COVID-19’s music men

Five men admitted to a Yangon hospital with COVID-19 made online videos aimed at soothing people’s fear and anxiety about the pandemic, and became close friends in the process.


THE FIRST of the five men to be admitted to Yangon’s South Okkalapa Maternal and Child Hospital with COVID-19 was 32-year-old Ko Sithu Wu.

Sithu Wu had been under quarantine at the Ya Wai Nwe monastery in Mingalardon Township after coming into contact with case 59 in Myanmar’s tally of confirmed cases, which is now at 176. After testing positive for the virus on April 19, he became case 103 and was moved to the South Okkalapa hospital.

Expecting that quarantine might be tedious or lonely, Sithu Wu had taken a Sony mirrorless camera, capable of capturing video, and a laptop so that he could complete a project for the company he owns, Wu Productions, which makes commercial videos.

“I continued working at the quarantine centre, and after I tested positive I took my camera and laptop with me to the hospital,” he told Frontier on May 4.

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At the hospital’s isolation ward, Sithu Wu eventually found himself sharing a six-bed room with four other patients.

The last of the group to be admitted, on April 26, was Ko Chan Myae Aung, 32, the owner of the O Sushi restaurant on Parami Road in Yangon’s Hlaing Township, which was locked down by the authorities after he tested positive for COVID-19, becoming case 146. Determined to make the most of his hospital stay, he brought his guitar with him.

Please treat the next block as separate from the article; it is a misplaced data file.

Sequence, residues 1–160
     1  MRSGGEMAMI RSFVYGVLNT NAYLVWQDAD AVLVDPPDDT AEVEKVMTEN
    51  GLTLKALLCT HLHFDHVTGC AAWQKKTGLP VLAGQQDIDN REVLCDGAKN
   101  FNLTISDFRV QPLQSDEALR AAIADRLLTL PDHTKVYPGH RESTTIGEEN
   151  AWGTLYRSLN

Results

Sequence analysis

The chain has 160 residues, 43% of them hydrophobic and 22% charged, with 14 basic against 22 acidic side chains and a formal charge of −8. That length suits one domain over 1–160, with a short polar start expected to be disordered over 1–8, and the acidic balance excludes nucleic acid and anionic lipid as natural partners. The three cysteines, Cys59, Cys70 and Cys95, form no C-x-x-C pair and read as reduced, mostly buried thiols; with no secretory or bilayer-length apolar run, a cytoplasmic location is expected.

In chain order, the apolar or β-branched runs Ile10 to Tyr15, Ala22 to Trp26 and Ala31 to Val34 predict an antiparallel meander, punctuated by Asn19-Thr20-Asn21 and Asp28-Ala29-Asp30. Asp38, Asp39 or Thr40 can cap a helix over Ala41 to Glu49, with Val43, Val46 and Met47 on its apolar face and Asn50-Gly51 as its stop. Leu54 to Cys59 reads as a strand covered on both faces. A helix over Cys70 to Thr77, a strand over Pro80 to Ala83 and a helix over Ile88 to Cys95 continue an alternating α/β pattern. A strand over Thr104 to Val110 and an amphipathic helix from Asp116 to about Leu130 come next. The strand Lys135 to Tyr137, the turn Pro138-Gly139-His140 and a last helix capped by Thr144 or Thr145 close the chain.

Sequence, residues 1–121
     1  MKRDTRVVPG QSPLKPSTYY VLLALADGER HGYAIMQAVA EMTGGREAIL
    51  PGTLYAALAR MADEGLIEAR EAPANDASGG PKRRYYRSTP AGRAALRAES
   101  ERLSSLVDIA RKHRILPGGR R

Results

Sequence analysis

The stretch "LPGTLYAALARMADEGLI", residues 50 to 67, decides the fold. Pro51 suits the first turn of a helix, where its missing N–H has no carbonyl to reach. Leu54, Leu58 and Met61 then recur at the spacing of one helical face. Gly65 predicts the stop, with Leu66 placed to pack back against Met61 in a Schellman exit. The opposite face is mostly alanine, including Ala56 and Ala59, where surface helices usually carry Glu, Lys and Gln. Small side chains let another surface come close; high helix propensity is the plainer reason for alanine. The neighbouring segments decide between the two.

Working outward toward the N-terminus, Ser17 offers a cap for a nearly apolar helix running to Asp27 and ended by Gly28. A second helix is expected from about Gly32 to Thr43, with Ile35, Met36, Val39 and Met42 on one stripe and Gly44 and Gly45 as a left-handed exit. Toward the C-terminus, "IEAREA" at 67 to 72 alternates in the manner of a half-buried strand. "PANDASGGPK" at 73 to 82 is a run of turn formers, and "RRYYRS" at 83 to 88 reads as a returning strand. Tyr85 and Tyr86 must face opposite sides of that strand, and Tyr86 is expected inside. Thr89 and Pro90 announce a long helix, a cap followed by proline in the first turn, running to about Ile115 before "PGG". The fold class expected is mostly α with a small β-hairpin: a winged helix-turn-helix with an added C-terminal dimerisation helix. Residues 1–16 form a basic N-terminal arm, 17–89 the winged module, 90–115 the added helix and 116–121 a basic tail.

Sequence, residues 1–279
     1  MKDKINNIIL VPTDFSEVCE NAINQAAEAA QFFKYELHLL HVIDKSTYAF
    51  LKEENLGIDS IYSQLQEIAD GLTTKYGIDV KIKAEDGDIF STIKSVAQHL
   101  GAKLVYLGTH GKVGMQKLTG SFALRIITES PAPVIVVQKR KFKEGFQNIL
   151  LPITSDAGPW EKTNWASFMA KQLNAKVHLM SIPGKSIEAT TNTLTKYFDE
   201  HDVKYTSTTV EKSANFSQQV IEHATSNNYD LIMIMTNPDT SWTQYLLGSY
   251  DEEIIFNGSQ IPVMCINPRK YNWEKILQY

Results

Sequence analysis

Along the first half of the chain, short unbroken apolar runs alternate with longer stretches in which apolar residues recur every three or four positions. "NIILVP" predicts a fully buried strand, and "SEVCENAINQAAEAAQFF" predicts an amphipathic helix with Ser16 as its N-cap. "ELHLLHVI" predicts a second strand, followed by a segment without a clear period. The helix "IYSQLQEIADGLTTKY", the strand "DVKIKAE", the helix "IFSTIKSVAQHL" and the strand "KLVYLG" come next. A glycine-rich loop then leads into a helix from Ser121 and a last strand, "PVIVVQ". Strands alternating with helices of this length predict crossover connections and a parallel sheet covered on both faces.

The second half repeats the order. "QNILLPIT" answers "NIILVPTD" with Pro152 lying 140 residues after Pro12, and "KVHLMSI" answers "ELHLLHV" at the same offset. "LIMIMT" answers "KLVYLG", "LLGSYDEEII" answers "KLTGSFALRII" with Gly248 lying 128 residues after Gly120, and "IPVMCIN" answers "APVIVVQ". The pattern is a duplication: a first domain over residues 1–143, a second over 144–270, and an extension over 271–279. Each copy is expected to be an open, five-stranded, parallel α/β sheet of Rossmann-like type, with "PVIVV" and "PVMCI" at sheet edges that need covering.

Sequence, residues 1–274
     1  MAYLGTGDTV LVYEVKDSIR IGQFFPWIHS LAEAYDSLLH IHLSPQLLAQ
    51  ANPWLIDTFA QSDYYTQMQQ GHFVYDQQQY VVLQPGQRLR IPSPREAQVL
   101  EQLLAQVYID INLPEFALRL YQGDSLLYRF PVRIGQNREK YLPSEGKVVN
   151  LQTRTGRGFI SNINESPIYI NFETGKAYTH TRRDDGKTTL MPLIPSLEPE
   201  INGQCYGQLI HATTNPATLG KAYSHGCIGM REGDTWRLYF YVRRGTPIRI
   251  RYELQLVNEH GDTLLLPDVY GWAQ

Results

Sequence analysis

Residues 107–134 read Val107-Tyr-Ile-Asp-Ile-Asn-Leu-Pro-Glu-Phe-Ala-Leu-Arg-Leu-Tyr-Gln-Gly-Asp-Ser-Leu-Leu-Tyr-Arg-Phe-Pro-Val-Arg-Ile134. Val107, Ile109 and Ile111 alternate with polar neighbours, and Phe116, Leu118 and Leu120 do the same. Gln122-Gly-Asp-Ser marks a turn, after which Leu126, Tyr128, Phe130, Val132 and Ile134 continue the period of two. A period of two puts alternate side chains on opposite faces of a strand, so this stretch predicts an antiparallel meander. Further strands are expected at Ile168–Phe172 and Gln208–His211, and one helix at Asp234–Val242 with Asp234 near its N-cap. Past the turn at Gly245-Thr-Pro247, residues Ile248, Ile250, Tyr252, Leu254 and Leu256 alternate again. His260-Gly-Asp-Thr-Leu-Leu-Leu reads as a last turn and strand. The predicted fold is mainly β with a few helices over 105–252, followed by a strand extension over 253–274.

“When I saw them on my first day on April 26, they didn’t seem like hospital patients,” Chan Myae Aung told Frontier, remarking on how healthy they looked. “I was really happy to be with them and I forgot that I was a COVID-19 patient.”

Another of the five had also brought his guitar and the group began playing and singing together. Their jamming session led to an altruistic idea to target a bigger audience – to show friends, relatives and other COVID-19 patients that they were in good health, despite being infected with the virus, and help assuage some of the fear and anxiety created by the coronavirus pandemic.

The men got to work quickly and their first production was posted to Facebook on April 26, the same day that Chan Myae Aung arrived at the hospital. It drew overwhelmingly positive responses, with many wishing them a speedy recovery.

The video, called “Dude Covid, get out of here”, is a comedy montage in which the five dance to an Indian pop song and mime activities from their daily routine, such as exercising, self-checking their vital signs and cleaning the corridor outside their room (while strumming the mops as if they were guitars).

The men appear fit and healthy in the video, and not in the grips of a deadly disease. In this, they are far from unusual; the Ministry of Health and Sports has said that most of Myanmar’s confirmed COVID-19 patients have shown no symptoms of the disease.

Sithu Wu said they hadn’t discussed making the first video with hospital staff, but when they made their next video, they included cameos of nurses and doctors clad in personal protective equipment, or PPE. “We wanted to show health workers on the frontline against COVID-19,” Sithu Wu said.